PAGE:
Are Spurs willing to dangle Harry Kane's future over the precipice?
Image: Martin Palazzotto, CC by SA-NC 4.0
You’ve been to the cinema. You know what happens when the characters must tread a narrow path cut out of a mountainside. Inevitably, the ground gives way below some poor sod’s feet. He shouts, scrambling madly for a purchase. None to be found, he slips over the edge, hands and head the last to go. In the nick of time, a companion lunges into the void, locking onto his forearm. At this point, assuming the director went to a good film school, you’re looking over the would-be rescuer’s shoulder at the poor sod, his body twisting in the wind, the ground a hundred feet or more below. What happens next depends on the film but your emotions are as taut as the grip between rescuer and dangler, two muscle masses connected by a tenuous cord.
The same adventure plays out inside our bodies thousands of times each day. Our shoulders, elbows, knees and ankles are the narrow mountainside paths, our ligaments the tenuous cords connecting two muscle masses. When one muscle mass loses its purchase, bad things happen.
In Harry Kane’s case, damage to an ankle ligament initially ruled him out for six weeks. The latest news is he’s already recovered sufficiently to begin training with the squad. For Tottenham fans whose Premier League title hopes remain connected by a gossamer thread, much less a tenuous cord, that sounds like good news.
Quickly, they google Spurs’ fixture list if they don’t already know it by heart. The weekend trip to Turf Moor to face struggling Burnley isn’t too concerning. Midweek, though, there’s a tester at Stamford Bridge against Chelsea. The following Saturday, Arsenal come to Wembley. Then there’s the away leg v Borussia Dortmund in the Champions League. Three goals up, there’s little need for Harry against BVB, but it would be nice to put the game away with a fourth shortly after kickoff at the Westfalenstadion.
Their eagerness is understandable. Mauricio Pochettino might be feeling it too, although the LilyWhites’ boss isn’t the type to let it show. Certainly, the player is anxious to return to the pitch. Forget any noble ideas about earning his massive wage. Football is what Harry Kane does. It’s his passion. Without it, there’s a void he doesn’t know how to fill. Every matchday that he sits idle, he’s dangling over an emotional precipice.
The problem is damaged ligaments in recovery are a lot like the dangler in your film, assuming the rescuer pulled him to safety. Having narrowly escaped death, the poor sod is shaken. His nerves are jangled, emotions raw and, with the adrenaline draining from his system, body weak. Most importantly, he’s less trusting about his surroundings.
Harry’s ankle ligament inhabits the same state, not to mention that the striker himself might be a little nervous about his footing regardless of how happy he is to be back on the pitch. Given that it is a tenuous cord asked to lift heavy loads with little or no help, ligament rehabilitation tends to be a longer process than with a standard muscle injury.
Two seasons ago, Zlatan Ibrahimovic went through a similar ordeal after damaging the anterior cruciate ligament in his knee in a Europa League match with Manchester United. Not only a passionate footballer, the Swede is a notorious fitness freak. He worked the knee like a madman to return as quickly as possible, releasing videos on social media depicting his progress.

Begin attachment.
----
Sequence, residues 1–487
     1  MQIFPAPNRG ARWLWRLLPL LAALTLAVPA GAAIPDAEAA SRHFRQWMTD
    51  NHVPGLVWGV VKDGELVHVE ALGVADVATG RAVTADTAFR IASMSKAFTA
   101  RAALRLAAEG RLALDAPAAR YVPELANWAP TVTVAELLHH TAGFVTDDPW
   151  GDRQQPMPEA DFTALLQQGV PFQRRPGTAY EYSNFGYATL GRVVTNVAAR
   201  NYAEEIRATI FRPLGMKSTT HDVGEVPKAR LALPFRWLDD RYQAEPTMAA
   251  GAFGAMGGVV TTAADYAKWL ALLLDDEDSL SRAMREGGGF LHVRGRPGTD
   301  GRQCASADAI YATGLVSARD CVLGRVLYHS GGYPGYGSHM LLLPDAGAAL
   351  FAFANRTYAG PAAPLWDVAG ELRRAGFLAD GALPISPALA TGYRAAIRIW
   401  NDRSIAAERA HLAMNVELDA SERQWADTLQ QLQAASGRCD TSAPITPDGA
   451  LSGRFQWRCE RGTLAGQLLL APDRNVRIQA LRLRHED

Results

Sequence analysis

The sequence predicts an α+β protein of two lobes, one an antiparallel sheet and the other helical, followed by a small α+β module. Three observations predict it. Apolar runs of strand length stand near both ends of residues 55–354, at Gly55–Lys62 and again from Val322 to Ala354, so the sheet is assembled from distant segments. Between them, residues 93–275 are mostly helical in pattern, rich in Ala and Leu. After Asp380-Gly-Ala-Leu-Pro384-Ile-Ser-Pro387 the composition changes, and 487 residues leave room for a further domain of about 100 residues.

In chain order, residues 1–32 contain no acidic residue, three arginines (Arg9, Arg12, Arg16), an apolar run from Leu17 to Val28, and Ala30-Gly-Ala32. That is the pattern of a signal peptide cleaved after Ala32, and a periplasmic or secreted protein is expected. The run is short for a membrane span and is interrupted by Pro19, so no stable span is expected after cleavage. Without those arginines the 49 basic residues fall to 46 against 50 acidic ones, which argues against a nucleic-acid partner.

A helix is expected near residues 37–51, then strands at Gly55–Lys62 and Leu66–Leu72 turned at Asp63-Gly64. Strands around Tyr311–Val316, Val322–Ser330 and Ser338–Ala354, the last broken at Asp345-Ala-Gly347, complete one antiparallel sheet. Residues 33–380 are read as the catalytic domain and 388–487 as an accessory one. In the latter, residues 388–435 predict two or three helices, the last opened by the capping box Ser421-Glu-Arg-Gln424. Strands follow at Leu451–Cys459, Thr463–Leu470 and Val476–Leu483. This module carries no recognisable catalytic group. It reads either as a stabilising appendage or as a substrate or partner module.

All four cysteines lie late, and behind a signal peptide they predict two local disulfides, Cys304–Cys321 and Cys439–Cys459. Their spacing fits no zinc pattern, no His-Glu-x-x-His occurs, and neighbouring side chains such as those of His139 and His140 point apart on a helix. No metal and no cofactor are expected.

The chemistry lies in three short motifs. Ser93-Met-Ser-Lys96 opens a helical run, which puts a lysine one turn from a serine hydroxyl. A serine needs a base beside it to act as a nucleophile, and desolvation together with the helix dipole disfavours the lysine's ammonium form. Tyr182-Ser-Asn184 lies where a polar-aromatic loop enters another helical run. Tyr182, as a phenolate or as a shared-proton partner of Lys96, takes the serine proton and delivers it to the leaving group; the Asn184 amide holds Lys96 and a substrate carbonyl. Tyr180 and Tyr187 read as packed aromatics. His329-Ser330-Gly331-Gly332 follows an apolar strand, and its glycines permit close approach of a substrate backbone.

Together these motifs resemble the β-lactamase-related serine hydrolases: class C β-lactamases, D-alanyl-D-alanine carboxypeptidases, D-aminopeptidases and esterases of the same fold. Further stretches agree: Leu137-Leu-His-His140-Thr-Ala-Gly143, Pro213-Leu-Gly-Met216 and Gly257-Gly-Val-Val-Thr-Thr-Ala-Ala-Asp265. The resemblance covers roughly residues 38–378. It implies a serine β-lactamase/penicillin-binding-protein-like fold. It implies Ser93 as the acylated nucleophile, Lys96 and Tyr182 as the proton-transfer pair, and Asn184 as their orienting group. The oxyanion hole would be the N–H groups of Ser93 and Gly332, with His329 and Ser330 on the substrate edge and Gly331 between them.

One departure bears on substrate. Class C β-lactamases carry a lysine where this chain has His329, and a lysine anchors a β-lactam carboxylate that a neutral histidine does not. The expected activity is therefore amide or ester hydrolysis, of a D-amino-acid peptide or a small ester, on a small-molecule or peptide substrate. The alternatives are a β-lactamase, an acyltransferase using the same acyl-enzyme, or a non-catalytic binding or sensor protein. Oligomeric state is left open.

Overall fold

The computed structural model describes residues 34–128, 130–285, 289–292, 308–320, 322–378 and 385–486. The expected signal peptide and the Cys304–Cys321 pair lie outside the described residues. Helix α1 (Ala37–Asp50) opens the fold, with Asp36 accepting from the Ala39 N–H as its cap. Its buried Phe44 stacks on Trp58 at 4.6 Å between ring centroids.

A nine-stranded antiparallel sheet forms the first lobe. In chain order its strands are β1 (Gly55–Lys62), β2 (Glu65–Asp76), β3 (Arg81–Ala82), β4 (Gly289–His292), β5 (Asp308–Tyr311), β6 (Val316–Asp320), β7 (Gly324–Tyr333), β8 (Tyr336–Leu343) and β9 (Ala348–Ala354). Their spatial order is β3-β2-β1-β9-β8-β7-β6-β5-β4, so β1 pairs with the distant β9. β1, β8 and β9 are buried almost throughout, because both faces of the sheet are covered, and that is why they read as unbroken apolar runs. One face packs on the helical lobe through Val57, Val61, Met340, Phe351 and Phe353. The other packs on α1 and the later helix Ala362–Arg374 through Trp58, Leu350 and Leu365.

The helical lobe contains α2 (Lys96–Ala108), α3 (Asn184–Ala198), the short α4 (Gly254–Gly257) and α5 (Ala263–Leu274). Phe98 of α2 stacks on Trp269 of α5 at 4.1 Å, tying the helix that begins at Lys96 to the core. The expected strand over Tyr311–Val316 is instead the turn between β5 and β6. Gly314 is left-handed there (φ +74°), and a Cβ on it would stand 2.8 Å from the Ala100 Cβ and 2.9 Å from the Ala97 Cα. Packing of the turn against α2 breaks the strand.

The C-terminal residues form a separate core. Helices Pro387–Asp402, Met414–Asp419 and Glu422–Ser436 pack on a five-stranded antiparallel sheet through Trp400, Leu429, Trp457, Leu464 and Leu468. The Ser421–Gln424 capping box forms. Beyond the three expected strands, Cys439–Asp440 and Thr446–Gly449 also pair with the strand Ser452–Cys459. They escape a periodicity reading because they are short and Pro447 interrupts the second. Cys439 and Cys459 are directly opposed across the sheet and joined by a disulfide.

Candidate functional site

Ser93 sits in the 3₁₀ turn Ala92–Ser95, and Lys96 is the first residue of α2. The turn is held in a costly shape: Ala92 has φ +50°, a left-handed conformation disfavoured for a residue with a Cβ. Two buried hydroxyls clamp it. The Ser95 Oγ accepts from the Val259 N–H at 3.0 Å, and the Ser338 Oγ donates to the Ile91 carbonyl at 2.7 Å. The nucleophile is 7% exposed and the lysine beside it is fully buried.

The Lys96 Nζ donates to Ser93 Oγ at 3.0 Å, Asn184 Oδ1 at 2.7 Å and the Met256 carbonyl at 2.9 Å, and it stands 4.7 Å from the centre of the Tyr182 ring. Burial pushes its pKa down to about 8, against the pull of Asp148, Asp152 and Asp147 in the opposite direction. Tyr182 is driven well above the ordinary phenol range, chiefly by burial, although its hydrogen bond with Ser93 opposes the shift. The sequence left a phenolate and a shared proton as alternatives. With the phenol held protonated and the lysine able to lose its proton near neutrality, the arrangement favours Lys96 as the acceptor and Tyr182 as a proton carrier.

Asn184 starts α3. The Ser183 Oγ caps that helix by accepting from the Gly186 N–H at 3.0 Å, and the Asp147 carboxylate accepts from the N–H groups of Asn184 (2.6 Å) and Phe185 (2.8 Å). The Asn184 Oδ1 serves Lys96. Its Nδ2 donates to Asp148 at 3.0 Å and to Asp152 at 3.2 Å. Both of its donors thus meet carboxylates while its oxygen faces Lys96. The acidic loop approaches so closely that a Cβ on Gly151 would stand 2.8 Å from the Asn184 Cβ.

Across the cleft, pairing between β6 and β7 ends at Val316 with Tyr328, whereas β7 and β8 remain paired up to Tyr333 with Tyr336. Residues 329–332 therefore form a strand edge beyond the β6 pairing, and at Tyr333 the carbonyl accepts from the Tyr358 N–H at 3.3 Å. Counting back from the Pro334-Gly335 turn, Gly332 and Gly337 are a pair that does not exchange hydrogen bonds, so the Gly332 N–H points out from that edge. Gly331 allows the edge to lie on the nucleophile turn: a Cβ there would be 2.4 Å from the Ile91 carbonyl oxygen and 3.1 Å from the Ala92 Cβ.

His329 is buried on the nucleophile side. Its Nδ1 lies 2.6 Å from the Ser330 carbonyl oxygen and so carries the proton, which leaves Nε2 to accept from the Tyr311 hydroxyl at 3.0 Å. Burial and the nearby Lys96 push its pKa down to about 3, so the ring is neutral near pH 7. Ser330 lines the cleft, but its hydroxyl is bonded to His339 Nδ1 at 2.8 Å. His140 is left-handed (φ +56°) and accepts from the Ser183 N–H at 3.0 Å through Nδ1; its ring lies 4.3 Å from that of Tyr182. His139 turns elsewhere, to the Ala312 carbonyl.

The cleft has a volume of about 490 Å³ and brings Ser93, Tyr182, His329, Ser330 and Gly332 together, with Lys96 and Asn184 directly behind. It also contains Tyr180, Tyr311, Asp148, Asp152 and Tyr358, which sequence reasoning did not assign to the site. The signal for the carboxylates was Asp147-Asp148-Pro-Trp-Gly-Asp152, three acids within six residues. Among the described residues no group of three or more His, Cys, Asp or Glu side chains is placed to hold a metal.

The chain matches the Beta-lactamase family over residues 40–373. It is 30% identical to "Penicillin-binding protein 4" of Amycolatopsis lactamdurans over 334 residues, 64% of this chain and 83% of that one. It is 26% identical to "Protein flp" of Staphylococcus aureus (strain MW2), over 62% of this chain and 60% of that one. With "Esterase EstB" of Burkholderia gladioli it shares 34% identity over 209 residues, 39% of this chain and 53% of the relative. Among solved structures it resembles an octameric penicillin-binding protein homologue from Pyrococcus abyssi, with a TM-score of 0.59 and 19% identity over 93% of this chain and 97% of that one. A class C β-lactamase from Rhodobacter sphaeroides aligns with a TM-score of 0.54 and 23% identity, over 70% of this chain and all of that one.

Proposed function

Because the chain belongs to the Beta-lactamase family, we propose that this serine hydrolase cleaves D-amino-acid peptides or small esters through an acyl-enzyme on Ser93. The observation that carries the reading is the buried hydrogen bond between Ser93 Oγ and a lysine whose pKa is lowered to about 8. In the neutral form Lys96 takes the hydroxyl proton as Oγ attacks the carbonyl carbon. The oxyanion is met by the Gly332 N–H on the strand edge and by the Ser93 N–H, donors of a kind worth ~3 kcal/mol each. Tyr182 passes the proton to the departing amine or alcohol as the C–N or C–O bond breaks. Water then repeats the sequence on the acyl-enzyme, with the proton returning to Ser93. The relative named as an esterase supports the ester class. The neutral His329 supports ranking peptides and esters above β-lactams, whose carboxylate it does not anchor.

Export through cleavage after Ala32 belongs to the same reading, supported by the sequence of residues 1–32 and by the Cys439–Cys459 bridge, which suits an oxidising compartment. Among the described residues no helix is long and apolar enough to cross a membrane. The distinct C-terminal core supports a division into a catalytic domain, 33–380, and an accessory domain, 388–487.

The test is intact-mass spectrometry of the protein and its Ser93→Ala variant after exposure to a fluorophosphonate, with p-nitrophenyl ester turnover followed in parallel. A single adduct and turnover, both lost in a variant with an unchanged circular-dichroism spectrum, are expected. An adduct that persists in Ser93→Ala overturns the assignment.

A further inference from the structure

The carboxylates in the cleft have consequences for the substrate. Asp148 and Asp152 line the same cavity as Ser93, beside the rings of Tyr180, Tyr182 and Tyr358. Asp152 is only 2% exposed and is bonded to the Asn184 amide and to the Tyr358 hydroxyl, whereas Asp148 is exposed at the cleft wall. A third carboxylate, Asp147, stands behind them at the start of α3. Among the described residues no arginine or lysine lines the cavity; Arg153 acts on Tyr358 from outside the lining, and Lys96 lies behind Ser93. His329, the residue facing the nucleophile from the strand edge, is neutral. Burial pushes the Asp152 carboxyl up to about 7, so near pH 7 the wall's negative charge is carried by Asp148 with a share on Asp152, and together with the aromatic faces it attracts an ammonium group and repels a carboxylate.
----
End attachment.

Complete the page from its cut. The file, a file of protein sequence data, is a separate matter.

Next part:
Ibra returned early. Conscious of the danger, Jose Mourinho used him sparingly. A month after his return, he scored his final goal for the Red Devils, the only strike in their EFL Cup defeat to Bristol City. A week later, he reinjured his knee, sidelining him for another three months. The enigmatic striker learned his lesson, taking his time with his second rehab, only signing with LA Galaxy in MLS when his knee was ready for the challenge.
Luke Shaw, Zlatan’s former teammate at United, and Everton’s Seamus Coleman pushed their luck with double leg breaks. Again, the recovery process is a long one. To begin, bones do not grow back exactly as they were before an injury. That affects balance and the mechanics of running. Then, ankle ligaments that have been idle for an extended period must be coaxed back to their previous strength and flexibility. Shaw and Coleman both came back too soon. The Everton captain endured another extended absence. Shaw suffered Jose Mourinho’s abuse for the weight issues and poor form that can be traced back to his injury, the manager treating the young player he inherited from Louis van Gaal with far less respect than the veteran he’d worked with previously at Inter.
Pochettino isn’t going to treat Harry Kane with anything less than the utmost respect. That said, both player and manager must avoid the temptation to rush a return. Despite a lack of squad depth exacerbated by losing Dele Alli to injury and Son Heung-min to international duty but directly traceable to their inactivity in the summer transfer window, Spurs found goals without Kane after an initially steep learning curve. With or without Harry, the Premier League is a long shot, progression in the Champions League all but assured and a top-four place on solid ground. The only need is emotional.
Hurrying Harry Kane back into the starting XI to ease worried minds unnecessarily risks the club’s carefully laid long-term plans.